The hills didn’t hold my feet at thirteen. Well before Natalia was born, I had long been at my destination, in America. In the winter of ‘91, wrapped in the warmth of blankets and approved documents, I dreamt of streaming lights in a green sky. I told my best friend the next day, and a few days later the Gulf War began; on the screen those same lights, that same green sky. My friend ran to me at school, telling me excitedly that I must be psychic. I spent the next month watching the green lights again and again, narrated with maps on the news and merchandise sales of yellow ribbons and toilet paper rolls stamped with Saddam’s face. I knew they thought we all looked like him, my father deflected the stares. A few years after the first war’s end, I would go with my mother to Baghdad. Laying in the dark before sleep came, sharing a room with other cousins, all grandchildren of Sahak, they whispered to me of the nights that shook their homes, the sky exploding. They thought all of it, the whole world, was collapsing. The ground never stopped its tremble.

A decade after those nights the invasion would begin, and soon there would be no bed to lie in. There would be no home and no place to go home to. Home would become Canada, Germany, New Zealand, Sweden. It would become a screen of posted gatherings, a birth, and every so often, the death of someone you vaguely remember. The Book of Dreams is written in letters I cannot read. Several nights before writing this, I dreamt of mountains and snow. I walked over the peaks, and came upon the large carcass of a strange animal in front of me. Looking closely, I saw this was not the only one. They were all around me, their dark hair, skin and hooves in frozen bundles. My friend appeared, the same childhood friend who, three decades ago, told me I must be psychic. The snow falling, she told me it would be ok, that we would get home. But I knew she was wrong, that she was from a different place. I looked into the night and down the deep slope. The fur of an animal as large as a buffalo was exposed, half buried in the glowing night ice; it lay motionless a few feet away from my own. This was a search with no end. Up in the sky, miles from the ground and covered in wet snow, we are burning.

* * *

Iraq is a country built, it is said, on an ocean of oil. The shallow seas and the creatures that once floated within them dried up, buried and materialized over millions of years into the fluid that would eventually run the future. The intensity of the earth’s heat transformed once living creatures into resource; millions of years later, the living creatures on that land too would become a resource for what is called advancement. The sacrifice of Iraqi life, screened worldwide in 1991 and named the first Space War by the militaries that executed it, would be used to roll out to record audiences,the technology running this era of global movement, transaction, exchange. GPS, wars on terror, misinformation, the accumulation of wealth derived from the attempted extermination of people and human experience alike.

It is said that, on Iraq’s richest oil sites, one can throw a rock and see the smoke rise. From time to time, the viscous liquid will seep out of porous segments of Earth, creating black pools and streams on its surface. In occupation upon occupation—from America’s coalition to Daesh—wells are burned, gas flamed, oil leaked into homes, into the throats of the living and generations of the unborn. And still, there are other ways heat and its aftermath reconfigures life.

Artist Sajjad Abbas writes to us from Baghdad, where he has witnessed the combustion of cars, bodies, and opportunity. His work documents and responds to the afterlife and continued resistance to the greed and indifference that fuels the insatiable burning of Baghdad.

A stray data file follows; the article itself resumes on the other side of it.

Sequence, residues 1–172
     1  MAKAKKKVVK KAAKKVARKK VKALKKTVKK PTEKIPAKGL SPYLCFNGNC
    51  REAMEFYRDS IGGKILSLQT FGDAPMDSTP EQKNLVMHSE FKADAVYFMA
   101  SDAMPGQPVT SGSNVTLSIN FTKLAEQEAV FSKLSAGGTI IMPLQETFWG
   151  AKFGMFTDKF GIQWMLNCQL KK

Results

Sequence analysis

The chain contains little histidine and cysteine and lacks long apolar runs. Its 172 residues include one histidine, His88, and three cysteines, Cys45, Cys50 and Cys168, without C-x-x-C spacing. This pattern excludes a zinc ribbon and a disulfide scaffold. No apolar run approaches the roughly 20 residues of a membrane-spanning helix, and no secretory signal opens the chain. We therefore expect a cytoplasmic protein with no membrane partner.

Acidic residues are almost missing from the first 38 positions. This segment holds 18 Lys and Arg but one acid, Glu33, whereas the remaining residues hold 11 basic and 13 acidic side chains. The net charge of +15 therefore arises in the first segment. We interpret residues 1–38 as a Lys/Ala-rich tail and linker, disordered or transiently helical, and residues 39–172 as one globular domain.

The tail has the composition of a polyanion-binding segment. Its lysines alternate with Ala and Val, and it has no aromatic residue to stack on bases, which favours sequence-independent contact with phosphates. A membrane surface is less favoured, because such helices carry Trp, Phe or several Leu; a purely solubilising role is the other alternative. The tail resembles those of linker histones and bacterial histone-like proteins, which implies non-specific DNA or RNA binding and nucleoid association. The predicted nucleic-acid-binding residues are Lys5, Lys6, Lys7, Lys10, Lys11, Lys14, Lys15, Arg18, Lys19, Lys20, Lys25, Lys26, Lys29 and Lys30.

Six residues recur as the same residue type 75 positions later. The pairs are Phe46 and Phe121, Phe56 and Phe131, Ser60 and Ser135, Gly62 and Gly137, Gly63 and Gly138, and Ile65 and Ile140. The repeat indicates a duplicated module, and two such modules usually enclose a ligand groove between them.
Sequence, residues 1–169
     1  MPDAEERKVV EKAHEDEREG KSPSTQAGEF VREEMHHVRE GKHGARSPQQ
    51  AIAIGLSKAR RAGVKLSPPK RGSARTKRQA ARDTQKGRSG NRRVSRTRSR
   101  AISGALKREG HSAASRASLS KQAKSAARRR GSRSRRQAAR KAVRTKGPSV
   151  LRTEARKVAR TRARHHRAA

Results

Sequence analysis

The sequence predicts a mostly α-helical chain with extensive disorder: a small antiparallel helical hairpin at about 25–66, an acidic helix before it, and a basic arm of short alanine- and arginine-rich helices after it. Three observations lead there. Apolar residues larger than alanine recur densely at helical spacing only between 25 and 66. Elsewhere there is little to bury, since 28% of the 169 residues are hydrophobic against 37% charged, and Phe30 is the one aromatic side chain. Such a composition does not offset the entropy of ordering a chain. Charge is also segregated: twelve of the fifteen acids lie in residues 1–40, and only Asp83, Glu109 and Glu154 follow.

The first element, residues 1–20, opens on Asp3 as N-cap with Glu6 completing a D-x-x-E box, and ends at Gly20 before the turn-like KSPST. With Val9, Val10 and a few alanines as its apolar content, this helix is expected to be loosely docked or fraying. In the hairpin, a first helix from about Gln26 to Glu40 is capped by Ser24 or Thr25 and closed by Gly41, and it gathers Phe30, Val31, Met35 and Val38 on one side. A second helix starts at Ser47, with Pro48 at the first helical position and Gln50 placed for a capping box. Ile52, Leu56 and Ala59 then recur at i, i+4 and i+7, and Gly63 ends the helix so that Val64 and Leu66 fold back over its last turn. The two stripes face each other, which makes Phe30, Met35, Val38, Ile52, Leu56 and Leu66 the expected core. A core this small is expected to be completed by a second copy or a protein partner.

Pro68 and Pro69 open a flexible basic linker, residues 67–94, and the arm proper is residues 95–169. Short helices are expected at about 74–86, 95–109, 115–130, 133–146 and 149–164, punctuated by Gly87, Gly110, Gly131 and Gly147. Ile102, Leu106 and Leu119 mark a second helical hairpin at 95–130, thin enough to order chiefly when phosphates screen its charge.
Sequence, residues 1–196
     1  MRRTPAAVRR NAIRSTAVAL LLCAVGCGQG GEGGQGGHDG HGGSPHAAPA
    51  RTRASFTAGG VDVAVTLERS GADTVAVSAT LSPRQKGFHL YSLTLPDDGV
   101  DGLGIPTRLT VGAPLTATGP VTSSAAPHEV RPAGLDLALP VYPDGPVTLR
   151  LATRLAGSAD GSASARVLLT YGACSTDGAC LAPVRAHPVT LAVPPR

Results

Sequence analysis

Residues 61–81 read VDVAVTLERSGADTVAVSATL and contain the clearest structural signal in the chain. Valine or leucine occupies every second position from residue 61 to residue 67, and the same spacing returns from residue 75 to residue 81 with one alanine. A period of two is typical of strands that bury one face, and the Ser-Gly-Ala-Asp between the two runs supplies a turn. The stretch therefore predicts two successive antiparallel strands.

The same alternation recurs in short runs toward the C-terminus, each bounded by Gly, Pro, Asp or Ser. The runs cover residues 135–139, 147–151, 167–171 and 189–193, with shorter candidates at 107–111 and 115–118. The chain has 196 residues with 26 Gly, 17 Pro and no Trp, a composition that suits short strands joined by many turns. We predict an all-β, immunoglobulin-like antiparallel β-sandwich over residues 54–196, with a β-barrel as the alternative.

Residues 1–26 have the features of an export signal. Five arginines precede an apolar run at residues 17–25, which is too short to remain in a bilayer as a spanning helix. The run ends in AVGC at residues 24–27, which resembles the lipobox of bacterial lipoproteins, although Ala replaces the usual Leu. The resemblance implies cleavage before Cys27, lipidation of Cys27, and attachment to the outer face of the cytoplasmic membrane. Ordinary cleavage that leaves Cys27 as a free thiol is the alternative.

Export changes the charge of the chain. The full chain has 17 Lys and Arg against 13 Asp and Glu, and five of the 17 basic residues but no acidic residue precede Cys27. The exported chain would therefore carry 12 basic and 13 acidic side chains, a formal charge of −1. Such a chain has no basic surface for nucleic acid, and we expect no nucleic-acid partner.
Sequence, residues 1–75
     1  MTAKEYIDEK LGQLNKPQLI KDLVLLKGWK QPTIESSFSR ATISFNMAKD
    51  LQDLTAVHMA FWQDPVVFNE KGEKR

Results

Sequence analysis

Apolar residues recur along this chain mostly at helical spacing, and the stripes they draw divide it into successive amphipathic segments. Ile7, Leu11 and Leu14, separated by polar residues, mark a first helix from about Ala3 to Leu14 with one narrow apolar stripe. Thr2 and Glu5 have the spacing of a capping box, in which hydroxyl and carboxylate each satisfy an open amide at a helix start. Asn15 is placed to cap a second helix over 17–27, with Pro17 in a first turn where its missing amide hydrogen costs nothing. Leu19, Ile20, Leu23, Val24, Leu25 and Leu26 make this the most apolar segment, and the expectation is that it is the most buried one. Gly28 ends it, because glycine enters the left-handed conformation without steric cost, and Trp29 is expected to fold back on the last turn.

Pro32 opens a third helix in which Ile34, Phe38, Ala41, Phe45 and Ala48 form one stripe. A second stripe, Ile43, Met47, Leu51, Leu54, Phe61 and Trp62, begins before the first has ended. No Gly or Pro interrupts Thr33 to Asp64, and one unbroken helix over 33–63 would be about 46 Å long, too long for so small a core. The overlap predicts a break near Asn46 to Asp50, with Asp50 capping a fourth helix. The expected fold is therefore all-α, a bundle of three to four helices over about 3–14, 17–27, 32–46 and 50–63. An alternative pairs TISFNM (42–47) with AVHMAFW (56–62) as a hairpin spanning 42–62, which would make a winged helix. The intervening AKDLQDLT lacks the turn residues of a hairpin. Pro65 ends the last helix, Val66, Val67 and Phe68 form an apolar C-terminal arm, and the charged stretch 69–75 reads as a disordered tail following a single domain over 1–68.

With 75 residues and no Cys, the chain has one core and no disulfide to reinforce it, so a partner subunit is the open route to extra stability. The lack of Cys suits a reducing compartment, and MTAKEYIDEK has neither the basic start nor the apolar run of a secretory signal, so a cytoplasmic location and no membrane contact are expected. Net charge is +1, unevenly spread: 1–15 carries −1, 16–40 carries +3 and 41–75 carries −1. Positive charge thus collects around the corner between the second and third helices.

Early in the historic Iraqi uprising of 2019, the activist and poet Safa al-Sarray was killed by the expulsion of a tear gas canister to his head. Prolific novelist, professor and poet Sinan Antoon continues his work of illuminating the poets of Iraq as yet another form of resistance in his  translation of  several of al-Sarray’s works. Antoon does this for those of us who only knew him as a symbol, one of many who will never have the chance to share their words with a world they were cut out of.

In large, sweeping views, and in the smallest details of personal and physical landscape, artist Jananne Al-Ani takes the violent media saturation of Iraq and reverses its course through an evidencing of experience -its imprint on land and in the trajectory of lives. Her images, and the deep research comprising them, resurrect history and its bodily imprint with a helming that is authoritative, loving, in their hypnotic evocations.

Artist Rheim Alkadhi has spent several years researching Majnoon (crazy), one of the largest known oil fields, named for the incredulity of its size. In southern Iraq, Alkadhi uses a transformative, intimate mode of cataloging to construct alternative narratives of its saturating presence and the infiltration of its name. In an experiment of image and language, she takes from the field’s most enduring presence, the flame, to reveal a site that produces far more than prodigious crude.

Medical anthropologist and musician Omar Dewachi has provided comprehensive, original research on the intricate and wide ranging effects of the Iraq wars on the human body and their relationship to the systems of medical care meant to address them. From the simple wound to profound migration, Dewachi’s work is focused on the most vulnerable, critical material of war, our flesh.

In this issue, contributors take on the constant of flame and the desire to burn. What it demands from us and the new compositions it leaves behind. In the context of Iraq, each reconfigures this force, in the established context of extraction through fire and its corresponding resistance in physical, written and imagined form.